Posts Tagged ‘guide’

I have always been fascinated by lightning storms. I love the blindingly bright instant of each strike – and particularly love the patterns of each fork as it staggers its way across the sky towards civilisation and the Earth.

Capturing this beauty is a little more tricky than viewing it though. I currently live in Singapore, which has been reported in some sources as having the most lightning strikes of any country in the world. I do have a little moment of amusement when I see folk here trying to capture one of the many, many lightning strikes – by pointing their camera skyward, holding their breath and then pressing the shutter button as soon as they see a bolt, usually swinging their camera round to the strike area at the same time. The man (it’s always a man) then looks at their camera screen immediately, shakes his head and mutters under his breath, before repeating the process. Needless to say, he won’t get the shot with 10,000 or more attempts.

Lightning over the Bay

A purple tinged lightning bolt is reflected in the water of Ha Long Bay, Vietnam.

The trick is to accept that you cannot react faster than lightning. Don’t try to capture it when it strikes; you have to be aware of where it will strike, and then shoot the empty space in anticipation of the bolt.

This is where a camera with a manual mode is vital. Depending on how dark your scene is, you need to close your aperture down as small as you can get away with (high f-number), and leave your shutter open for as long as you can get away with. A tripod and a remote shutter release cable will be your bestest friends here. Once you’ve got the right combination of aperture and shutter speed (a minimum of 5 seconds, but preferably 30 seconds if it’s dark enough) you just need to compose the shot and fire away on continuous mode until you see a strike within your frame. As soon as you get a strike within your shot, release the shutter and review the image. If you need to recompose or re-expose, do so and repeat. Then, it’s very much a case of luck – but as all photographers know: you have to make your own luck, and without the preparation and patience, you won’t get the shot.

The shot above, of the lightning strike over Ha Long Bay in Vietnam, was captured after around 15 minutes of watching two storms approach from opposite directions. The tripod was setup on the deck of a small boat on which I slept for 3 days, and though the seas were calm and flat, there was still enough motion to prevent me from keeping the shutter open for long periods – even with the tripod. I watched the storms and deduced that most of the strikes were taking place over an area spanning roughly 90 degrees. So, using a wide angle lens to cover as much sky as possible, I pointed in that direction and simply shot frame after frame until I got lucky.

Lightning close by

A bolt of lightning strikes the apartment block opposite, clearly visible at close range.

This shot took around 5 minutes to capture, and was taken from my living room as I ate my dinner. With a minute or two to set the correct exposure (aperture and shutter speed combined), I simply munched on my pasta and kept an eye towards where my camera was pointed as my camera did the hard work of continuing to fire from my $20 remote cable. When I saw a strike that was within frame, I stopped and checked and saw I’d hit lucky with this bolt appearing to hit the apex of the block opposite mine. Had I bothered to remove the mosquito net from the window I may even have a shot worth tidying up and selling – such is the clarity and closeness of the lightning.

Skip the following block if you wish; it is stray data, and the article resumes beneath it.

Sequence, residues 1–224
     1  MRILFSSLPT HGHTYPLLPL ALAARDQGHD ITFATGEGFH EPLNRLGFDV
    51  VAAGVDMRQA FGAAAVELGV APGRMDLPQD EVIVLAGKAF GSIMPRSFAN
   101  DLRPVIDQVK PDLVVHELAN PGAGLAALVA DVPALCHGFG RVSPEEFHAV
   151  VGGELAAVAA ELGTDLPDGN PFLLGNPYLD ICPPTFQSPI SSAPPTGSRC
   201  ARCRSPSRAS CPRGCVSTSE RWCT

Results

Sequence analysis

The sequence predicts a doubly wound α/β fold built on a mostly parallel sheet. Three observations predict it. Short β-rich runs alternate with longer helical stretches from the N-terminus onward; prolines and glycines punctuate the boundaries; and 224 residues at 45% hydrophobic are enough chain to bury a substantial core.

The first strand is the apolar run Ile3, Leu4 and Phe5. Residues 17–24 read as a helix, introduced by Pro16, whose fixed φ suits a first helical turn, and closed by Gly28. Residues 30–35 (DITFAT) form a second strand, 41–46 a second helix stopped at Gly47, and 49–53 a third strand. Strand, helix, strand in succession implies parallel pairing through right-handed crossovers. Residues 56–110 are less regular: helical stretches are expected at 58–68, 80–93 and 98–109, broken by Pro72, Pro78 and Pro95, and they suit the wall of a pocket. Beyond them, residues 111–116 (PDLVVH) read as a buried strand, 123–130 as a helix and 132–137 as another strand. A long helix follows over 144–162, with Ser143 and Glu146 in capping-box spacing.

The point is, you will never be able to predict, control or react to lightning. So don’t bother. Notice where most of the strikes are happening, set up for that zone and let your camera fire away. Sooner or later you will capture a strike, and if you’ve planned your composition and exposure, it will be a clear and useable shot! My shots here were taken purely as afterthoughts, and without much time spent at all – so if I can do this and eat pasta at the same time, you can do this and capture a stunning landscape too, without much extra thought.

I’m talking about a new addition to – this Black and White of a single tree in a freshly cut rural landscape:

Black and White tree under dramatic sky

A filtered black and white image, with a solitary tree in a recently harvested field, set against a dramatic sky of white cloud reaching into inky black.

I created this image purely by accident. The photo was shot in colour, and that is how it remained in my library until yesterday, when I clicked an option I had no intention of clicking. I was struck by the result – which turned a nicely composed, but with weak colour in the sky image into something I am happy to put my name to on the Wall Art shop floor.

Moral of the story? I will be revisiting a lot of images in black and white now: it really does remove the distraction of colour, and provided the elements in the shot are composed interestingly, will enhance the impact significantly.

Here’s the original image, that was ruled out of being offered for sale:

Lone tree in field - colour

The original file: the sky wasn’t blue enough for me, and there was a little too much yellow in the foreground field. The wonky horizon was also fixed.

What is RAW?

Many cameras now offer this option: once the reserve of expensive SLRs, it is now available on mid-range compacts too. It is basically the setting that captures all data that the sensor ‘sees’ without processing or compressing into an alternative file format, such as JPEG. When shooting in a JPEG (also called JPG) mode, your camera takes all the data from the sensor and processes it before saving the file. In order to save on file size, this process cheats with colours, by merging adjacent similar colour pixels together into the same hue, saturation and brightness. Here’s 5 reasons why I use RAW, plus one reason why I occasionally don’t!